The only sure way to avoid shame by association

Recently, the black lives matter movement came to the fore. Along with it came a desire to remove statues, plaques, memorials and other such things that appeared to some to be venerating those who were linked to the slave trade. Just yesterday, The Times reported that Jesus College, Cambridge – much to the chagrin of the man’s descendants – were planning on moving Tobias Rustadt’s funeral memorial from their chapel to a disused wine cellar.

I don’t want to get into the rights and wrongs of removing statues and memorials or whatnot here. Rather, I just want to land on one point: we all have a murky past. Few of us, if we delved back into our family trees – and could actually unearth all the details of our families and their lives – could get away scot free.

Just as all families have murky pasts, so do Evangelicals. Our so-called heroes – though they did a great deal of good – were often involved in some significantly less good things too. Jonathan Edwards was a slave owner as was George Whitefield. Though John Wesley denounced the slave trade, his marriage was a total mess. It is hard to overlook Martin Luther’s antisemitic rants. I’m not aware of any major issues with CH Spurgeon, but let’s be honest, if we looked hard enough we would surely find them. You get the point.

We only have to open the Bible to see a similar pattern. Jacob was a liar and deceiver. Moses was an angry murderer. David was an abusive predator and murderer. Judges is chocabloc full of the most nuts behaviour you can imagine. Heinous behaviour in the people of God abounds.

This is ultimately the problem with any sort of hero-worship or veneration of people. People are disappointing. Not only disappointing, but down right awful much of the time. It is part of our condition. The closer you look, even the best of our heroes have feet of clay. There is always the nagging feeling that some murky backstory will one day be uncovered. We fear it because, deep down, we know our own sinful nature and – though there are genuinely degrees of these things – none of us are really squeaky clean.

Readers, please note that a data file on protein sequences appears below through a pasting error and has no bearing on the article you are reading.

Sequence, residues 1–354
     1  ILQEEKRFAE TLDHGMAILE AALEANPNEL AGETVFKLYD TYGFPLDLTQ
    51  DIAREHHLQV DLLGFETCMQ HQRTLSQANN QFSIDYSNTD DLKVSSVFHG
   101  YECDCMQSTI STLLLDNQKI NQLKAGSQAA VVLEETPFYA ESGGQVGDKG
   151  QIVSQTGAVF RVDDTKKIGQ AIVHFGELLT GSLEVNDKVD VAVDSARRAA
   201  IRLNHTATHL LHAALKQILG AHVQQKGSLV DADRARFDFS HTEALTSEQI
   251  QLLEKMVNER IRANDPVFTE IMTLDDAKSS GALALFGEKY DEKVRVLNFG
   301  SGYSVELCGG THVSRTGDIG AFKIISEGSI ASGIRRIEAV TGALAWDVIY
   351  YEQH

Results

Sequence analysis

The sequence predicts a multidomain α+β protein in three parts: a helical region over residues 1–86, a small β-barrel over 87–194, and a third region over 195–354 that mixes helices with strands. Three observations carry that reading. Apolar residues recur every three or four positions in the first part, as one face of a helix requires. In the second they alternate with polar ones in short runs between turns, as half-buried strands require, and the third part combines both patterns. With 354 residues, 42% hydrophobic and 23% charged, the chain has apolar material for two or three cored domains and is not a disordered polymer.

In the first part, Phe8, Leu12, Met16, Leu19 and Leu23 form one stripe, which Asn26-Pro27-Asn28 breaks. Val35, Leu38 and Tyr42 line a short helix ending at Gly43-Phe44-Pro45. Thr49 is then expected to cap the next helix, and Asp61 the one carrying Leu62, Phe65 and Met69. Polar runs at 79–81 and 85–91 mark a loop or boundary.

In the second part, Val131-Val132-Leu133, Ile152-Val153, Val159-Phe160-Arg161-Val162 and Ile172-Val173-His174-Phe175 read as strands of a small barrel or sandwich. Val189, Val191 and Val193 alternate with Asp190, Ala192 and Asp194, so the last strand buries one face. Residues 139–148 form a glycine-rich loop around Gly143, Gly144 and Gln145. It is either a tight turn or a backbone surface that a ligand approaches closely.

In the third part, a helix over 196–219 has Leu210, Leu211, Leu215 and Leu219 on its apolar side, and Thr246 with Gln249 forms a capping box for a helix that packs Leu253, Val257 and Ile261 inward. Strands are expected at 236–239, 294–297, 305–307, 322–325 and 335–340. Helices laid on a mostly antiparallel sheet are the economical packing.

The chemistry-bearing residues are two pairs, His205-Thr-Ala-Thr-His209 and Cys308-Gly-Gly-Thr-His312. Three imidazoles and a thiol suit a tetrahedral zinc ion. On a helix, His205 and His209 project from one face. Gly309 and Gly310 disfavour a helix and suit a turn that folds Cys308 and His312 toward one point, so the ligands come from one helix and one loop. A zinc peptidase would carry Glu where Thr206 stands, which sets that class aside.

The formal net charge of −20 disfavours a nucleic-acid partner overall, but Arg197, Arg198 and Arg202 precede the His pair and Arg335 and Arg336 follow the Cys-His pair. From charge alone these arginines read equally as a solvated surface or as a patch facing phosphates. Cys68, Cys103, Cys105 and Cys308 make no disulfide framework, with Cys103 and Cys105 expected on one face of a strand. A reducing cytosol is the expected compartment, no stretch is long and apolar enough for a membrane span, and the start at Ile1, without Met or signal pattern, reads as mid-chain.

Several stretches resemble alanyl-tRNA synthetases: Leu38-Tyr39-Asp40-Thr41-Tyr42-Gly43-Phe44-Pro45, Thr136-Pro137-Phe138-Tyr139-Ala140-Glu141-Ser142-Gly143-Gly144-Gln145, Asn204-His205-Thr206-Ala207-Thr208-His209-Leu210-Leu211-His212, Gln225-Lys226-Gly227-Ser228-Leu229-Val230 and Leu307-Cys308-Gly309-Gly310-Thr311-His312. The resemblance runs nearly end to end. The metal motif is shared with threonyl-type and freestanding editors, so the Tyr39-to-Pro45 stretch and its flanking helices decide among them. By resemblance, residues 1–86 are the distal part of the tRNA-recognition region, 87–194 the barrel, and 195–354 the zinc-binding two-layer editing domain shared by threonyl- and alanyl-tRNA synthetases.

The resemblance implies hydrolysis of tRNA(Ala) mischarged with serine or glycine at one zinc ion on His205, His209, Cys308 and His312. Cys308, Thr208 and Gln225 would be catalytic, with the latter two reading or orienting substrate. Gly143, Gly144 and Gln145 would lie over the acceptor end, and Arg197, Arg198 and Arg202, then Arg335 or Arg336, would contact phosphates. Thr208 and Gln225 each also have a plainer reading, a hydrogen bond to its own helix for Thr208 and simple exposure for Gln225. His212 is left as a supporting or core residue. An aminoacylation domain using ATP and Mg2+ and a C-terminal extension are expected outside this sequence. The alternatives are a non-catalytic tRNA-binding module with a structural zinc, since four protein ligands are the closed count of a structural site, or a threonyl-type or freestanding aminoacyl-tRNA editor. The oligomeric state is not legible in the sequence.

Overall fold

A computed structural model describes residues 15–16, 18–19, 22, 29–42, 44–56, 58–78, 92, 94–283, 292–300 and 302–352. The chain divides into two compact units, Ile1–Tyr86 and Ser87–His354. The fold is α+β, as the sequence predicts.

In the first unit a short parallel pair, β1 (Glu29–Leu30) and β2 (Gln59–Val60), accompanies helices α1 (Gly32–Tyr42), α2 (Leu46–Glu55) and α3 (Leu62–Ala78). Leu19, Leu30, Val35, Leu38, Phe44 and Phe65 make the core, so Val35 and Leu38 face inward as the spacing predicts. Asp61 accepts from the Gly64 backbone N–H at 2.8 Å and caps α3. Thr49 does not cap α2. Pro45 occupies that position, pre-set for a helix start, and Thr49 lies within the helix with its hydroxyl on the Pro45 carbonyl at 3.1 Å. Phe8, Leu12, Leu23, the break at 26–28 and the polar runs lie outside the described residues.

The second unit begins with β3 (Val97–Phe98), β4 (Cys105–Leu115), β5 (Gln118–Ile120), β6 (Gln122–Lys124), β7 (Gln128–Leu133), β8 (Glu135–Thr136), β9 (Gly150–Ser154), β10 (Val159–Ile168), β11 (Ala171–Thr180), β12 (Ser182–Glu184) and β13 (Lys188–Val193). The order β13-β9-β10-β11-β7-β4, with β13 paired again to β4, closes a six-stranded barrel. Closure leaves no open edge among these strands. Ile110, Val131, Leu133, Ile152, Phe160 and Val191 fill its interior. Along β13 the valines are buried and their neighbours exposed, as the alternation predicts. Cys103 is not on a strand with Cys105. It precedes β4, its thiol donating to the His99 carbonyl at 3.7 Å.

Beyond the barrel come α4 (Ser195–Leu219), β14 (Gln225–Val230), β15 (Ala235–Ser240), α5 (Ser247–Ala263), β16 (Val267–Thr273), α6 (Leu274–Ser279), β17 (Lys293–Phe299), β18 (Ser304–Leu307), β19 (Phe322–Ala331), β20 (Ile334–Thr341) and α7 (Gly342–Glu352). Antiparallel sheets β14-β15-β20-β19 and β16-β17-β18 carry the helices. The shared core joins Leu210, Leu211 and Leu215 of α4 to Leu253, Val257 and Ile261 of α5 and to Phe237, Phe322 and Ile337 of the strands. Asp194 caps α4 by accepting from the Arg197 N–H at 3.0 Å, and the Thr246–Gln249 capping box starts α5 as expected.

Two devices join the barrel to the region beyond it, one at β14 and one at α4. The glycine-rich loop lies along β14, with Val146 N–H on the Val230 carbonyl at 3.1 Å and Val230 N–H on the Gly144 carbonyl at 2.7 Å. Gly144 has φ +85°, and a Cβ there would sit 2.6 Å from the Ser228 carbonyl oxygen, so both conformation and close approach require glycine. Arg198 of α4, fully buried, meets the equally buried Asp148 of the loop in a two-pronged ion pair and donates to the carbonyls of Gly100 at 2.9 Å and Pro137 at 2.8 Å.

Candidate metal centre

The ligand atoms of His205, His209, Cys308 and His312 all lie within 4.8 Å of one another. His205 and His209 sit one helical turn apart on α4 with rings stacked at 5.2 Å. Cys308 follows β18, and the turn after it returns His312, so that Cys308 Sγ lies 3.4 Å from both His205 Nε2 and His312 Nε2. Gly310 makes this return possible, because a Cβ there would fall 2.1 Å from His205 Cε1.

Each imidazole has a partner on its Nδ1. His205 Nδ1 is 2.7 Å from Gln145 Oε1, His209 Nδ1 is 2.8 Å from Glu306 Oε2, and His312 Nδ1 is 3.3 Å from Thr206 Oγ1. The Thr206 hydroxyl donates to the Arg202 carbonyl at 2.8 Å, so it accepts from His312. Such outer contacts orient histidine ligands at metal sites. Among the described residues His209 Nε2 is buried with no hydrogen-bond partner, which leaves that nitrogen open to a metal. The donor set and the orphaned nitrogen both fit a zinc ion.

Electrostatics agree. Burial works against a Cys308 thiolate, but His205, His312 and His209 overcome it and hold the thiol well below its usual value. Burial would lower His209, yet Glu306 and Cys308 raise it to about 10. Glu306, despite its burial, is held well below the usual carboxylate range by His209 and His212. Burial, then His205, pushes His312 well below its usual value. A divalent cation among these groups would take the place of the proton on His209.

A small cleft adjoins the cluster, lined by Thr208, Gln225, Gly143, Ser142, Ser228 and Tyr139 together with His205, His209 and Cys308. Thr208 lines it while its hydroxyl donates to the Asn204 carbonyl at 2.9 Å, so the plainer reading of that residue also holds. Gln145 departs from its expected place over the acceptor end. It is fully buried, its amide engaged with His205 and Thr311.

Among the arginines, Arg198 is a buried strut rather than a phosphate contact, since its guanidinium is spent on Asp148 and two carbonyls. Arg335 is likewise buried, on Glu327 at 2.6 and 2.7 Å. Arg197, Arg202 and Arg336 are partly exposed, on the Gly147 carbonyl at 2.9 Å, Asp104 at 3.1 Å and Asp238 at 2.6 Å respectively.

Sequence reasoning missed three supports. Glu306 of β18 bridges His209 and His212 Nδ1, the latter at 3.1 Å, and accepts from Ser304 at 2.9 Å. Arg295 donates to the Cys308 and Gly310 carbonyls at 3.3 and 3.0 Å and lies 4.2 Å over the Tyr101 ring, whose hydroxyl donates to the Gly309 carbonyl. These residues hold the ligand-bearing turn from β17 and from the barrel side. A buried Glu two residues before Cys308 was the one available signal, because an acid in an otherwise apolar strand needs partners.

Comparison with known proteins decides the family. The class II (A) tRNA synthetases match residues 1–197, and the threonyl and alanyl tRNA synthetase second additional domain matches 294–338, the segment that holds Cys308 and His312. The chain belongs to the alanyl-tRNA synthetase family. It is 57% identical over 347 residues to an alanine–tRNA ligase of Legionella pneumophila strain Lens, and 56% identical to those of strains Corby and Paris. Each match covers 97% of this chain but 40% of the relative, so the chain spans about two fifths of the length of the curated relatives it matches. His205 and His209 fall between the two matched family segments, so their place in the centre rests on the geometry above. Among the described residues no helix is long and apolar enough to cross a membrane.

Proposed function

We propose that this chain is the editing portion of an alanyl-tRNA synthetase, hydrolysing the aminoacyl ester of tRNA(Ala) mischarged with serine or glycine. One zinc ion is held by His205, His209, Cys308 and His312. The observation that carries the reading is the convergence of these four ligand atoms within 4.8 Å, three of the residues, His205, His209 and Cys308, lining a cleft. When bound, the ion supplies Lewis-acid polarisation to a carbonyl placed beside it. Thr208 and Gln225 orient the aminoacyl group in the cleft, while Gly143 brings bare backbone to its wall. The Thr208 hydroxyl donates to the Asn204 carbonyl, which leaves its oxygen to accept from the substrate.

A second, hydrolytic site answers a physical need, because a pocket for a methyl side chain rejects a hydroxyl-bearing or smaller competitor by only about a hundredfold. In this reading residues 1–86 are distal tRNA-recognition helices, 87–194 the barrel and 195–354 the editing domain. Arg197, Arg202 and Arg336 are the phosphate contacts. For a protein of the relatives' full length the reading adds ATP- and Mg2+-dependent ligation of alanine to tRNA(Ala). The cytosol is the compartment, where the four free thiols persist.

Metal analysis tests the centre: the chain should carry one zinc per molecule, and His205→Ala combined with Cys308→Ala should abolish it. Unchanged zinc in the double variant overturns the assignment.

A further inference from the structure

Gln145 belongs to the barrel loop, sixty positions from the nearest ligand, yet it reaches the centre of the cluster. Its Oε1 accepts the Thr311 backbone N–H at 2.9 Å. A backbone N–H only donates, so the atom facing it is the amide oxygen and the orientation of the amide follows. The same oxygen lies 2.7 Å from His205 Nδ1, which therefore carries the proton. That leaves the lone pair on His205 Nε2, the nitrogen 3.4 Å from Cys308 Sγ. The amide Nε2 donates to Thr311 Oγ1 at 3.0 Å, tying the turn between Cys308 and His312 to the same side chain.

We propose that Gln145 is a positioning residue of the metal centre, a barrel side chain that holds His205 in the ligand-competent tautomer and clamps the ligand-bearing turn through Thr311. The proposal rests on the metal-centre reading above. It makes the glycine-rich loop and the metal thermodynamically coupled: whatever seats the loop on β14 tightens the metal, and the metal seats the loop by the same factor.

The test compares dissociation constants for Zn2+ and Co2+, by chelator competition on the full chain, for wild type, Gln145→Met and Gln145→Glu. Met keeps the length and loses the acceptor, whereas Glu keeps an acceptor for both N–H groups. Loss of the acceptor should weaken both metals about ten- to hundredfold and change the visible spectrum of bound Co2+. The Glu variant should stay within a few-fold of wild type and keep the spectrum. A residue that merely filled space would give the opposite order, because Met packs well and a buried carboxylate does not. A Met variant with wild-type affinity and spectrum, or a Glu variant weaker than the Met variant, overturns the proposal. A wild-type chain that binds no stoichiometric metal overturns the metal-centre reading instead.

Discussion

That is why I was grateful for these tweets:

We need to be realistic about the nature of sin. There is nothing wrong with looking at good examples, whether from the Bible, our history or around us today. But we always need to remember that nobody is perfect and the murky history that we all have because of our sin will exist even in those we tend to hold up as good examples. Even our brightest shining examples will be dulled by the presence of sin in their life.

Only one person can really withstand that sort of scrutiny. Only one person has absolutely no murky past which will make us embarrassed by association. In fact, he takes our own murky histories – he takes all the reasons why anybody should be ashamed of being associated with us – and he covers them with his own perfect righteousness. He takes our sin, associating himself with us despite knowing exactly what we are like, so that we have no need to be ashamed.

If we orient ourselves around Christ, erring away from venerating other people, we will do well. Let Jesus be our ultimate example. Let Christ be the one to whom we point people. Only his sinless, non-murky life and death will prove to be no embarrassment in the end.